Both the Trump administration and the U.S. Congress have revealed a high suspicion of the China and undertaken a few measures to save the relative decline of the U.S. influence on regional and world affairs – partly due to the formidable development of the China’s comprehensive power. Therefore, it is possible that U.S.-Taiwan security ties will be strengthened as the worry or concern about a rapidly growing  Beijing has loomed large.

Finally, the Taiwanese leadership under Tsai Ing-wen has failed to deal effectively with the U.S. and the China at the same time and, as a result, has obviously been leaning toward the U.S. for self-defence and political endorsement. Specifically, retreating from the past political foundation for cross-Taiwan Strait dialogue, i.e., the “1992 Consensus” reached during Lee Teng-hui’s presidency and maintained by Ma Ying-jeou, the Tsai administration has no better choice but to follow the U.S. in many ways. The eagerness of the Tsai administration for a stronger tie with the U.S. may have been well noticed and received, and taken advantage of, by the U.S., and it surely will serve as a driving force for enhanced bilateral security cooperation.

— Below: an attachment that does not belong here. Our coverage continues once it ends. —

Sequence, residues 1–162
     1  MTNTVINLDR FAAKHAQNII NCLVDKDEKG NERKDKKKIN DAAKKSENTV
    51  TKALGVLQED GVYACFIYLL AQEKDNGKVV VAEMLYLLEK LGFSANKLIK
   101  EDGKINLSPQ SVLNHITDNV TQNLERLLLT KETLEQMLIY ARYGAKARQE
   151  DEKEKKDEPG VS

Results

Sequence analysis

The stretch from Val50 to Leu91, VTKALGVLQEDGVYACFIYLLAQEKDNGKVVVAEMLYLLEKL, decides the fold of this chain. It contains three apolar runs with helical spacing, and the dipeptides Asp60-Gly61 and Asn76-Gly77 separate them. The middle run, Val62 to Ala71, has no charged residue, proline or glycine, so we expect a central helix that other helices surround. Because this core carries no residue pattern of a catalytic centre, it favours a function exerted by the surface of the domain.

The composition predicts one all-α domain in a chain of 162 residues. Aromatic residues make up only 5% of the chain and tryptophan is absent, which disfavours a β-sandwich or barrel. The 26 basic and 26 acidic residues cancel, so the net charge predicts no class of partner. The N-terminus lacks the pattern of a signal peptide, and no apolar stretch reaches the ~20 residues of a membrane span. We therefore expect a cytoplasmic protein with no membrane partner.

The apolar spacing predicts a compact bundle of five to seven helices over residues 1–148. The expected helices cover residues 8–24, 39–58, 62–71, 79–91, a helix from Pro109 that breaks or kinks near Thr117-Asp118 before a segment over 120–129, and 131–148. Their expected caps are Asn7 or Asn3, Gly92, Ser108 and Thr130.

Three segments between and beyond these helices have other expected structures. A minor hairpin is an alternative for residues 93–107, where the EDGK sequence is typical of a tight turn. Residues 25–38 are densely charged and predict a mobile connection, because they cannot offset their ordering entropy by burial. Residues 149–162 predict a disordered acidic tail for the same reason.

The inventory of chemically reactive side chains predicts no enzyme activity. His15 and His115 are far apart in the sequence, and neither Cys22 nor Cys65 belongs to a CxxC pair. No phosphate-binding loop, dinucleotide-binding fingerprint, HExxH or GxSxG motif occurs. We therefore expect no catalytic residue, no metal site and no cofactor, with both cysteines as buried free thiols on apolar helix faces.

To conclude, the nature of security relations between the U.S. and Taiwan is not and never has been bilateral but trilateral – one always has to take Beijing’s role and influence into consideration when dealing with Taipei. Relations between Taiwan and the U.S. will continue and probably be further bolstered since the U.S. government’s top leadership now views Beijing as a key national security challenge and Taiwan as a partner.

The advantage for Taiwan in dealing with the United States going forward isn’t simply due to its location in the first island chain of the western Pacific, but also its identity as a democracy and free market as viewed by American leaders.

Kwei-Bo Huang is Vice Dean & Associate Professor of Diplomacy at the College of International Affairs, National Chengchi University, Taiwan, R.O.C. Image credit: CC by Chatham House/Flickr.